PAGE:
The American Automotive Industry and in particular; the Toyota Motor Corporation in Detroit, USA is using a cheap lease option on it’s Camry ($199 a month), just to keep it as the top selling Car in the United States. Toyota used a very similar tactic to recover from a record number of product recalls after Japan’s tsunami in 2011. Now it seems, this tactic is being utilised by the rest of the Automotive Industry on the other side of ‘the pond’.
This was once the main weapon used in an arsenal for selling luxury vehicles; now, leasing is fast becoming widely used when it comes to selling the more popular family saloons (or sedans), such as Ford’s Fusion and Honda’s Accord. Supported by high used car prices, low interest rates on offer and the Americans’ tendency to purchase vehicles on monthly payments – car/auto-leasing is at it’s highest levels in a decade and helping pace the industry’s most successful year since 2007.
“It’s a great way to present a product at very affordable monthly prices,” Peter DeLongchamps, a vice president for Group 1 Automotive Inc., the fourth-largest U.S. auto dealership group and one of the nation’s biggest Toyota retailers, said by telephone. “There’s absolutely no question” Toyota is using leasing to contend in an increasingly competitive mid-size car segment.
According to J.D Power and Associates, leading Global Market Research company; “Leasing’s share of new vehicle sales in the U.S has been at least 22.5% in every month, this year, with the top for months for lease penetration in the last decade coming in 2013”.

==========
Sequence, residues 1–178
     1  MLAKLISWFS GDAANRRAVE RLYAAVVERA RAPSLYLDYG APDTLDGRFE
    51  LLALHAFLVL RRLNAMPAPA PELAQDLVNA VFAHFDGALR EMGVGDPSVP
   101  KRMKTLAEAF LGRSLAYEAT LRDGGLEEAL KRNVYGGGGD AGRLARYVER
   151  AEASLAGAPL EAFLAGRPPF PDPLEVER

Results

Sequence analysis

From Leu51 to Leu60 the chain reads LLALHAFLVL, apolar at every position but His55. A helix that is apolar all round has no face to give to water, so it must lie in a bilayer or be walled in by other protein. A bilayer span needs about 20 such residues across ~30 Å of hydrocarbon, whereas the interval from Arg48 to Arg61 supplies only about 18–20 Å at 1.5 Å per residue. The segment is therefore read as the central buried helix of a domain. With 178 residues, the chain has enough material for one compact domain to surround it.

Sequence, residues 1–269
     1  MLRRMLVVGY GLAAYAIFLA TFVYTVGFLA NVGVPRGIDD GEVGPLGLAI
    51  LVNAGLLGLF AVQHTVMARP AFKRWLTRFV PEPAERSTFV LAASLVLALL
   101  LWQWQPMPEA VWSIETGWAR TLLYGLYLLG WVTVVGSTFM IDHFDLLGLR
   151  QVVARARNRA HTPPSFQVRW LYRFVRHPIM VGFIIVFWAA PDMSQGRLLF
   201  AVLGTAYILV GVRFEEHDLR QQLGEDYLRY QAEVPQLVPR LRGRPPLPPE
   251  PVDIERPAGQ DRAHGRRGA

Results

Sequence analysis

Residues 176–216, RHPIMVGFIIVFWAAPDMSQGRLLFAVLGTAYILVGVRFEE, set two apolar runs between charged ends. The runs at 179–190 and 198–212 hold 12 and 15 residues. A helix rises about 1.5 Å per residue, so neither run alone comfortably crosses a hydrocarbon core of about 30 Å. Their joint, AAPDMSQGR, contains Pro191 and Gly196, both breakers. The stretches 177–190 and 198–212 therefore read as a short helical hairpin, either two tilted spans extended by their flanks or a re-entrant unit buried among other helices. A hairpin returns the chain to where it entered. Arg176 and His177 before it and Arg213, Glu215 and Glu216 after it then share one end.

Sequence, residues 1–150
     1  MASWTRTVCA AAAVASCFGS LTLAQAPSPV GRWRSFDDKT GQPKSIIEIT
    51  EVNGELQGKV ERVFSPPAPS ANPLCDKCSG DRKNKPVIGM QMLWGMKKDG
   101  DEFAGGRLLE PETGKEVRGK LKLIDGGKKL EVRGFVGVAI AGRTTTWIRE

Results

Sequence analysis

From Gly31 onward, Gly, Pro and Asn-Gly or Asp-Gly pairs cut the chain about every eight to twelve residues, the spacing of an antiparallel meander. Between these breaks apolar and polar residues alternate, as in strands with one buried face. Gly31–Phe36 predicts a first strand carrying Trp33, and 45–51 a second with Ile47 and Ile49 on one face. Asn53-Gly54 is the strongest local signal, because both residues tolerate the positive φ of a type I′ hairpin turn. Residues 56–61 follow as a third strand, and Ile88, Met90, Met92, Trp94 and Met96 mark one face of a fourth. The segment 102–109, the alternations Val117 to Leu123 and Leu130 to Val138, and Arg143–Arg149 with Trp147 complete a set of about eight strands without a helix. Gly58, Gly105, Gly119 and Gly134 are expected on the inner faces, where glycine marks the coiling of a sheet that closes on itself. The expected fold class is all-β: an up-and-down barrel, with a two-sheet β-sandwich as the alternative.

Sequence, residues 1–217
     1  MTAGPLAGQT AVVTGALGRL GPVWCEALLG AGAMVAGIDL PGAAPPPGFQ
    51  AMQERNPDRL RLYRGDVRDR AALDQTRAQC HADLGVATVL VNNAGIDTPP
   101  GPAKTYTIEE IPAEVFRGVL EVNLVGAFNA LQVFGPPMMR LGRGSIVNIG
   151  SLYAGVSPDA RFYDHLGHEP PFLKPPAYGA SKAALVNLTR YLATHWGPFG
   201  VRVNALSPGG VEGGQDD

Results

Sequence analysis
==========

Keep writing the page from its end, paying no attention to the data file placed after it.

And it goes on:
Rising sales Leasing is driving U.S car and LCV sales up to a six-year high, with over 1.3 million deliveries to July. If this pace keeps up, the automotive industry will be on track for it’s best year since 2007 where over 16 million vehicles were sold.
Defending position Toyota’s ability to offer it’s customers the Camry at cheaper monthly rates is more than crucial as it attempts to curb the declining demand for the care in the year’s first half. Competitors, including Ford, Honda and Nissan Motor Co., are closing in on Camry, which has been the top-selling car in the United States for the past 11 years. This is mainly down to manufacturers lowering their prices and in turn being able to offer better leasing opportunities to customers.
“As long as things are going in that direction, it can’t ever get too high,” David Westcott, a dealer selling GM’s Buick and GMC brand vehicles in Burlington, N.C., said of the leasing rate. Westcott is chairman of the National Automobile Dealers Association.
Ford is more cautious in its views on the trend of increased leasing activity. The company’s leasing business has been increasing as a share of its U.S. sales, although its mix is still below the industry average, CFO Bob Shanks said in a phone interview.
“Leasing will stay strong as long as used-car prices remain at historically high levels and interest rates continue to be low”, said Peter DeLongchamps of Group 1 Automotive. The Houston-based dealer group reported revenue of $2.34 billion for the three months ending June 30, a quarterly record for the company.
“Finding low-mileage late model cars is still very difficult,” he said. “The supply is improving a little bit, but you still see leasing activity happening because the residuals are so strong. Interest rates are still cheap.”